Ring Video Doorbell Wired vs Ring Video Doorbell 2nd Gen

Which cheap video doorbell should you get? We compare the latest Ring models

Ring Video Doorbell vs
(Image credit: Ring)

Video doorbells are one of the hottest smart home buys right now, partly thanks to them coming down in price a lot over the last couple of years – and if you're looking for a cheap video doorbell, you might be wondering about the Ring Video Doorbell Wired vs Ring Video Doorbell (2nd gen). 

Ring has made itself synonymous with the best video doorbells, and these are its two lowest-priced options. They're both affordable, but there's still a big price difference between them, so you probably want to know exactly what features separate them.

We'll explain everything you need to know about these two models here, though if you're wondering about Ring's more expensive models, see our guide to the Ring Video Doorbell 2nd gen vs Ring Video Doorbell 3, and our Ring Video Doorbell 3 Plus review.

Ring Video Doorbell Wired vs Ring Video Doorbell 2nd Gen: Price & release date

The Ring Video Doorbell Wired is is the cheapest ever doorbell from the company, costing just £59/$59. It's brand new – its release date is May 2021.

The Ring Video Doorbell 2nd gen was released in 2020, and costs £89/$99/AU$149. It was Ring's cheapest doorbell, but now it's been undermined.

Both are available in bundles with Ring's wireless indoor Chime unit, and you may also need to consider adding Ring's Plug-In Adapter to the Video Doorbell Wired, depending on your situation (as we'll explain in a moment).

Neither doorbell requires a Ring Protect subscription for basic use (ie, getting a notification when someone presses the button or movement is detected, and watching video feeds live). But if you want them to record videos in the same manner as the best security cameras, then you will need a subscription. To cover one doorbell costs £2.50/$3/AU$4 per month, or £24.99/$30/AU$40 per year.

Ring Video Doorbell Wired

The Ring Video Doorbell Wired needs the right cabling, but it's small and relatively discreet.

(Image credit: Ring)

Ring Video Doorbell Wired vs Ring Video Doorbell 2nd Gen: Installation and setup

Right here we see the major difference between these two products, and it's hinted in the name: the Ring Video Doorbell Wired requires wired power, while the Ring Video Doorbell (2nd gen) can run on either battery power or wired power.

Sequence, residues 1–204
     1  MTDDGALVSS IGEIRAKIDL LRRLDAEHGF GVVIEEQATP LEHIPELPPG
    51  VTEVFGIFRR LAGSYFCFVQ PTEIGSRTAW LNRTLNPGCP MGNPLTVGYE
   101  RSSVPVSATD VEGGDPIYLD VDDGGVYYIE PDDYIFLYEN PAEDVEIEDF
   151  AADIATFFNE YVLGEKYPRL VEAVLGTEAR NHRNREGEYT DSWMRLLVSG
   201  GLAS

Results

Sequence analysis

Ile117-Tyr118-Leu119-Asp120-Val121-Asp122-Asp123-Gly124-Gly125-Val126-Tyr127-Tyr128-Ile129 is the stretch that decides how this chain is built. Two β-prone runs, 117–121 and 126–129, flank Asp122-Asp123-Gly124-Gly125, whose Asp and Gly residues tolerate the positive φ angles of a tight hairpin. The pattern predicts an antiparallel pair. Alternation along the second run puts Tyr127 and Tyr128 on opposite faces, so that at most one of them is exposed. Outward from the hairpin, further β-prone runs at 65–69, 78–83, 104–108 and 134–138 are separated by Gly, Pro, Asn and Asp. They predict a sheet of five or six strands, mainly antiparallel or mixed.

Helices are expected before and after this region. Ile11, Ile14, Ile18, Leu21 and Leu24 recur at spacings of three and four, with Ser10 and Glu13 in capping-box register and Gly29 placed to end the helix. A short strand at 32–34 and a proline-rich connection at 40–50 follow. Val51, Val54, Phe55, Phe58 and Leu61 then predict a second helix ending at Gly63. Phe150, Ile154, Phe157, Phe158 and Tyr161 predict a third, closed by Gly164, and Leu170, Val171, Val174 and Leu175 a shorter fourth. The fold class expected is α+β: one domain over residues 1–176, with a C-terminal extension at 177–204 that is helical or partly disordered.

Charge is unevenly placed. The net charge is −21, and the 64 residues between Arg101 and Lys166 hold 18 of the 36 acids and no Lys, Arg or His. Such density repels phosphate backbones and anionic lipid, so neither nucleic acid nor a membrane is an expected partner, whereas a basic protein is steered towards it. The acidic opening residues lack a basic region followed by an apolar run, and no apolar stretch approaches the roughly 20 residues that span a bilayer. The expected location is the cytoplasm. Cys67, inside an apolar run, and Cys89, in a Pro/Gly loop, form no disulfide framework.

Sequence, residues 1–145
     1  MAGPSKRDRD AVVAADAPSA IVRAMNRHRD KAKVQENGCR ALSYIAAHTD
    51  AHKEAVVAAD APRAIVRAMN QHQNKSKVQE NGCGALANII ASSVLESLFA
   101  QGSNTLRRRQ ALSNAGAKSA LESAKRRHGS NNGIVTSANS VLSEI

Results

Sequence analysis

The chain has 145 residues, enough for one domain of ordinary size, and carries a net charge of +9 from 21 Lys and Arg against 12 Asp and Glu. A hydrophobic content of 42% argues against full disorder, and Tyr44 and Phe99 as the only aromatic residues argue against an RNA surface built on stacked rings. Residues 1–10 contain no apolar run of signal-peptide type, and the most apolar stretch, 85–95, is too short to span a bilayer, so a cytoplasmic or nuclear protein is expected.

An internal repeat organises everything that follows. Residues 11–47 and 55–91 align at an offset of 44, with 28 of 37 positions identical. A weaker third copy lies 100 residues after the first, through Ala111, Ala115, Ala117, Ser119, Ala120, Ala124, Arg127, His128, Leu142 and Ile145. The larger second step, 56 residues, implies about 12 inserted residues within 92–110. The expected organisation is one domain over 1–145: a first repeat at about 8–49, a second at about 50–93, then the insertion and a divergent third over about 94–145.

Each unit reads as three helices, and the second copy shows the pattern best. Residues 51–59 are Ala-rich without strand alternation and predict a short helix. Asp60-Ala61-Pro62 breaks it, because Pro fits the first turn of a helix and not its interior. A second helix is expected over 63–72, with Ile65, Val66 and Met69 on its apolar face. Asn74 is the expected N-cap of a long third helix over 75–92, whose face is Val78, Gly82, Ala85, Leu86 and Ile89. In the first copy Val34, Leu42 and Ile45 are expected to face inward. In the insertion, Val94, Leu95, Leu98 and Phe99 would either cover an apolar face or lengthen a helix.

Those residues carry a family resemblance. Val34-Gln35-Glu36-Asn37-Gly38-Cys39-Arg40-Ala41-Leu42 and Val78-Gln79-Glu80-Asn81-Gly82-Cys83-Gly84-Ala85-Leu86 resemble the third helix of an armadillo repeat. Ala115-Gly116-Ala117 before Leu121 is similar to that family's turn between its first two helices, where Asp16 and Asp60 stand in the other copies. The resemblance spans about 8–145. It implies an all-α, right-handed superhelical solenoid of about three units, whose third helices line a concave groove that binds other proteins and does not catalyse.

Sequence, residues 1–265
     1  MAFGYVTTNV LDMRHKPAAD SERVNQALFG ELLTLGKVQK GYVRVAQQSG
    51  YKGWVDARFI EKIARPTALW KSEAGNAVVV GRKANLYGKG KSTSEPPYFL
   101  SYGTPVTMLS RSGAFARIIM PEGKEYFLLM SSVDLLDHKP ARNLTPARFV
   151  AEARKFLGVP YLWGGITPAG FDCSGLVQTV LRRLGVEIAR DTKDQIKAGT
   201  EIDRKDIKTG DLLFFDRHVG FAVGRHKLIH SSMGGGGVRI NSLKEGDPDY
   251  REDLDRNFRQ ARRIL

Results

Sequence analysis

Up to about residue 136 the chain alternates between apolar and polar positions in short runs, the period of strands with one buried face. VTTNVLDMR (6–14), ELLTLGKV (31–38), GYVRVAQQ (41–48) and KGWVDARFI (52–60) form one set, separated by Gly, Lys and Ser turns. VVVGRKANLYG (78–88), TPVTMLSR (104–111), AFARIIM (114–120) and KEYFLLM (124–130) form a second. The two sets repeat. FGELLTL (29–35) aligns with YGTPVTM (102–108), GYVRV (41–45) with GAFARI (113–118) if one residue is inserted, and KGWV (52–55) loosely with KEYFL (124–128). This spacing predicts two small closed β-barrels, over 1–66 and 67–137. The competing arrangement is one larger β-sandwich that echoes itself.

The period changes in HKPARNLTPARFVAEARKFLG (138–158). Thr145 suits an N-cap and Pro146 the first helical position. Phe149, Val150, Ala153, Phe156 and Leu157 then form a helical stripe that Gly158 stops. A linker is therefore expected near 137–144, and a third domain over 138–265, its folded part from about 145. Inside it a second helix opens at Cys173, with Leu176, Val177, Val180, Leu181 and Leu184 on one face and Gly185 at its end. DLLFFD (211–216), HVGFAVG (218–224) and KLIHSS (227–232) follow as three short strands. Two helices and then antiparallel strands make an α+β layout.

The idea with the Ring Video Doorbell Wired is to connect it to your existing doorbell wiring where possible – Ring officially lists it as needing 8-24 VAC, 40VA max, 50/60Hz or 24VDC, 0.5A, 12W.

If you don't have doorbell wiring, or it isn't suitable, you can get Ring's Plug-In Adapter, which uses a standard plug to provide power, and a 6m cable – but you'll need a way to run the cable from the inside of your house to the outside, and really, with the extra cost, you might as well just pay for the battery-powered version and avoid this issue.

We should also note that despite being wired, this won't work with any existing doorbell chimes. The only chimes Ring doorbells work with are the company's own wireless models, or you can use Alexa smart speakers as chimes.

The Ring Video Doorbell (2nd gen) can also be wired if you have the cabling and want to power it this way, but the big advantage is that it has a rechargeable battery built-in, which typically lasts around a month (but will depend on how active your doorbell is – if you have it recording every bit of motion on a busy street, it'll run down quicker than if you have it just acting as a remote doorbell). 

You have to remove the whole unit from the wall (using some security screws) to charge it, which is a little inconvenient, but it's no problem generally, and it'll charge in a few hours. (The Ring Video Doorbell 3 and upcoming Ring Video Doorbell 4 have swappable battery packs, so don't need to be unmounted.)

Both models come with key tools in the box, including screws and correct-sized drillbits, so that mounting is a fairly easy process. Ring also makes additional angled mounting panels, so you can point the camera in the most useful direction – neither models comes with these in the box, though.